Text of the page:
After finishing Photography, Eda Taşlı decided to go back to school with the support of her family – so she could study Sculpture and realize her dreams. Focusing on wood, mechanics and movement, she began producing kinetic sculptures. Under her brand Eddlook, you can find her sculptures inspired by Russian literature, children’s books, fairy tales and her own dreams. She continues working at her studio in Kadıköy, Yeldeğirmeni.
Could you tell us about yourself?
I was born in 1978, in Istanbul. After initially studying Photography in 1999 followed by shooting match photography for Galatasaray Magazine, I enrolled in Sculpture at Mimar Sinan Fine Arts University.
How did you decide to enroll in Sculpture after studying Photography?
While I was shooting football games, I could not stop myself from making drawings. For my personal shootings, I was making 3D and demounted photographs. I was photographing hand-made objects in edited environments. And this was leading me to sculpture, triggering my desire to create three dimensional things. Actually I wasn’t planning on enrolling back in school, but my family saw my unhappiness. One night, my unhappiness showing on my face, my older brother asked me about my dreams and I told him what I really wanted to do. That night, they told me to go for it, that they would support me. So I took the first step!
How did sculpture gain meaning for you after this period?
Of course sculpture didn’t gain meaning instantly, but I slowly began finding myself…
After working with a variety of materials, how did you decide on wood?
In Sculpture, clay is the main workshop. You get to pick your material of choice in second year. The first year, you are constantly observing; trying to find, explore the material that speaks to you. During that time, I picked wood and continuing my education around it, loved it.
All of your kinetic sculptures have a story behind them. How are these stories born?
Their stories are actually being born as I live my life. I have always loved Russian Classics. At first, I was under their influence. Especially Dostoyevsky and Gogol. Their character resolutions really get to me. Especially “Notes From Underground”. I believe I resemble that character a bit. Then, children’s books and fairy tales. There are so many weird and interesting detections in them. Exciting archetypes. You can find many things from yourself and your life. I myself have always created a fairy tale-like language too. I love examining people. Their moods and stance, as well as their characters. Surprised, sad, scared, touchy, unhappy, nonchalant, selfish, mean, nice, greedy, frivolous, impudent… We try to cover them. I try to include, to reflect these sides that we try to hide, as shadows. Small selves, huge egos. People that usually don’t notice, or does not want to notice their shadows. Including myself.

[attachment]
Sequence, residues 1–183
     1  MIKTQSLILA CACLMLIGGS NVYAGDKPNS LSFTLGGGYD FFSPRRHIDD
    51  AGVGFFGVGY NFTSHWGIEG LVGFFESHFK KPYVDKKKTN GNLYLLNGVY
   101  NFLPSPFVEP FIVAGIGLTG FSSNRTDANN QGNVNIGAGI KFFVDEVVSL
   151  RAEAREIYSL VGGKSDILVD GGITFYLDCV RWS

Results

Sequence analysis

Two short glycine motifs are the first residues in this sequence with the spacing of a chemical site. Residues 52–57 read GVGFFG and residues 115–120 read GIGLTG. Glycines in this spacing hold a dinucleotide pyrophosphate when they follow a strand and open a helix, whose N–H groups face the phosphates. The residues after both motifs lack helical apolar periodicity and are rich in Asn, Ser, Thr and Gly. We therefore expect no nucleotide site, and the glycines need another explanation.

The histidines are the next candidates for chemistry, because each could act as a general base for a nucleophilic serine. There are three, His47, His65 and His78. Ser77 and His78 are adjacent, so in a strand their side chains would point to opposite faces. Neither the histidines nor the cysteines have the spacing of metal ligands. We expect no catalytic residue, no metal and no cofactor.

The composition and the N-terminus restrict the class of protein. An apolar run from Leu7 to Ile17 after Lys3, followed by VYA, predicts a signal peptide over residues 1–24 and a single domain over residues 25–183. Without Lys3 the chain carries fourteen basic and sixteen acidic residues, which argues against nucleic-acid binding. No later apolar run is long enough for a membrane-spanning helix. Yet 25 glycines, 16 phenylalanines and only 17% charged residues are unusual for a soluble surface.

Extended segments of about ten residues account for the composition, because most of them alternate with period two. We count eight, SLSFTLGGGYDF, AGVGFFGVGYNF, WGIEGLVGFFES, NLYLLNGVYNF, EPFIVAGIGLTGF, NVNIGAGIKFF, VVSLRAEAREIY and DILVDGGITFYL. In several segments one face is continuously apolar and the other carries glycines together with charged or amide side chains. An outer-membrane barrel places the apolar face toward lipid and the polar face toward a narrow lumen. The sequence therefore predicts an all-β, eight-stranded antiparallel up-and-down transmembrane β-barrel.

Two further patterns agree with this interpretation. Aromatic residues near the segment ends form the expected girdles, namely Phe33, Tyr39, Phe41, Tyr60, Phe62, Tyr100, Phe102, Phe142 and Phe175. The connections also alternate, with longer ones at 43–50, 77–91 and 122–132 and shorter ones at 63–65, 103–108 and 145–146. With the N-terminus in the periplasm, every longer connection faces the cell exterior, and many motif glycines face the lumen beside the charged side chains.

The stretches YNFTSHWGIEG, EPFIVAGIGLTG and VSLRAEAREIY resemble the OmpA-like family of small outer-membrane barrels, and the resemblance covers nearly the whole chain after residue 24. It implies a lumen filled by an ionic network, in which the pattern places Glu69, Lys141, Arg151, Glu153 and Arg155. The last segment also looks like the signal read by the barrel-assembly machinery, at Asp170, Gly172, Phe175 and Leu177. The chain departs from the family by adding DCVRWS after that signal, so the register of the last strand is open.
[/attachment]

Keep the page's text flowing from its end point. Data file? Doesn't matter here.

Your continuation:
Afterwards, how does a production progress?
First I sketch; the characters, their facial expressions and movements. Then I ask myself “How should this one’s mood be like?” and start carving.
How do Turkish people see kinetic sculpture? Do you think it is understood?
I believe they see it pretty well. I have professional Facebook and Instagram accounts and have met wonderful people through them! There is Sıdıka from İzmir – she came to İstanbul to visit me and we have formed a bond that will hopefully last a lifetime. There was a girl coming from İkitelli; she had put on her nicest clothes, and brought pastries. She told me I was the first sculptor she had ever met in person. She was very interested in my work. People find a piece of themselves and want to know you better. And this makes me very happy. I feel like they are carrying my misshapen creatures inside as well!
How do you spend a day at your workshop?
I spend my days at my workshop drinking tea and working.
Your workshop is located at Yeldeğirmeni. Does that effect the creation process positively?
Yeldeğirmeni is like a small town. There are still children running around in their underwear. There is sincerity. It is not snob. This makes me very happy. And it is a great opportunity to examine people. I am even interested in the guy bringing me water – characteristically!
What are your goals for the future? Are there any exhibition plans?
My goal for the future is to keep producing. Of course I would love to hold an exhibition, but the industry and galleries scare me, so I am not focused on that at the moment. So I can be the way I like to be…
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